A New Island Has Been Discovered In Antarctica Thanks To Melting Glaciers

A stock image of an icebreaker cruising through Antarctica. Gonzalo Solari Cooke/Shutterstock

While cruising around the western coast of Antarctica, polar researchers stumbled across a never-before-seen island that’s recently been revealed to the world by a retreating glacier. 

Scientists from Thwaites Glacier Offshore Research (THOR) spotted the rocky landmass while sailing around Pine Island Bay earlier this month aboard the icebreaker RV Nathaniel B Palmer. Within a few days, after some distant observations, the team became the first people to set foot on the island and even met a few of its marine mammal residents.

The island has aptly been dubbed “Sif” as a homage to the Norse goddess of earth, and wife of Thor.

“This island is on no charts we know of,” tweeted Julia Smith Wellner, a glacial marine geoscientist for THOR.

“After being the first visitors, we can now confirm that Sif Island is made of granite and that it is covered by remnant ice shelf, and a few seals,” she said in a later tweet.

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The THOR project is a joint venture between the US and the UK to study one of the most unstable glaciers in Antarctica, the Thwaites Glacier, as well as the surrounding waters in the Pine Island Bay of the Amundsen Sea. Both the Thwaites Glacier and the Pine Island Glacier are some of the fastest-retreating glaciers in Antarctica, primarily due to warm ocean water from the Amundsen Sea that circulates under the ice, causing it to melt. The melting glacier ice then becomes loosened from the bedrock below, causing it to flow faster and deeper underneath the ice shelf.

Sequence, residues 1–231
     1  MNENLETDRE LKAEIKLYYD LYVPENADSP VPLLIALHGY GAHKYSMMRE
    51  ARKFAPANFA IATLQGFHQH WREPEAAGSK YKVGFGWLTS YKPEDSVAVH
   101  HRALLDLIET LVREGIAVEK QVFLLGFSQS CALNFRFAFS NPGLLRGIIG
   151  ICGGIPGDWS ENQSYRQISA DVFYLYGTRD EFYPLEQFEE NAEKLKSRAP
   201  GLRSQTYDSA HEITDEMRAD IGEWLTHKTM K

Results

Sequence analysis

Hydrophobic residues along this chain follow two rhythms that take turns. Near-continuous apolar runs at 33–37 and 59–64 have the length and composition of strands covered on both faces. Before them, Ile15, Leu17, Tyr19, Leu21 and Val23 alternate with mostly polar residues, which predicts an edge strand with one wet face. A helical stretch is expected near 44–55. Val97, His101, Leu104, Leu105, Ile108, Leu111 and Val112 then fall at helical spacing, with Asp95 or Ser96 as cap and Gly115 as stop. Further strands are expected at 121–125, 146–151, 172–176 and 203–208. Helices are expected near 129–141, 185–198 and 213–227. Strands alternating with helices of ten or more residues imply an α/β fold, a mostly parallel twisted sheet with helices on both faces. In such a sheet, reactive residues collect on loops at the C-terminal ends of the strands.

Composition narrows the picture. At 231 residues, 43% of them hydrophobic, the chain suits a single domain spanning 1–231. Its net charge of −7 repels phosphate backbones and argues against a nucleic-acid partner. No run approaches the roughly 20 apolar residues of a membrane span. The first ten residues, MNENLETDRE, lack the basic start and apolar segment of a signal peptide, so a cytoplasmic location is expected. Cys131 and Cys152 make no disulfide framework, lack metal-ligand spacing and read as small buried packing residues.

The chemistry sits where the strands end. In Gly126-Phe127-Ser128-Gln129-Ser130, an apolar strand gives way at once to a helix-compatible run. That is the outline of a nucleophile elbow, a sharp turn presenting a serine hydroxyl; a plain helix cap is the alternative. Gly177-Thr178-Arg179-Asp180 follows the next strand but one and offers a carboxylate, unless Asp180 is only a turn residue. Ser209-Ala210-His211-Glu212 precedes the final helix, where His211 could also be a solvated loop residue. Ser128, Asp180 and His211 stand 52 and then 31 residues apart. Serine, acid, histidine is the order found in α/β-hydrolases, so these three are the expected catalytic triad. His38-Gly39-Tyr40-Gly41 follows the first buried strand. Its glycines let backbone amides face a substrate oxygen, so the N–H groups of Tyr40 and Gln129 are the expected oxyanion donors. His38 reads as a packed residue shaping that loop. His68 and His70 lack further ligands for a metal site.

A first glance of Sif island suggests the ice on the island was once part of the Pine Island Glacier ice shelf. Paired with satellite data of the area, the researchers believe the land was revealed at some point over the past decade due to the ice shelf melting because of climate change. However, as Nature reports, it’s remained hidden for many years because very few ships travel that far south, and its ice-topped cap meant it was hard to see from the viewpoint of a satellite. 

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While this discovery might not be amazing news for our planet, it does present some incredible new opportunities for glaciologists and geologists. Melting glaciers help to release pressure from the Earth’s crust, displacing rock and causing the mantle underneath to “ooze” out, changing Earth’s shape. By studying the geology of Sif island, researchers can gain a deeper understanding of how climate change and retreating glaciers are affecting this mysterious continent. 

"Antarctica's geology is so ice-covered, we really don't know much about it," Jim Marschalek, PhD student in Earth Science at Imperial College London who was part of the expedition, said in a statement. "There aren't any other outcropping rocks for 70 kilometers [43 miles] in any direction, so this was a special opportunity."

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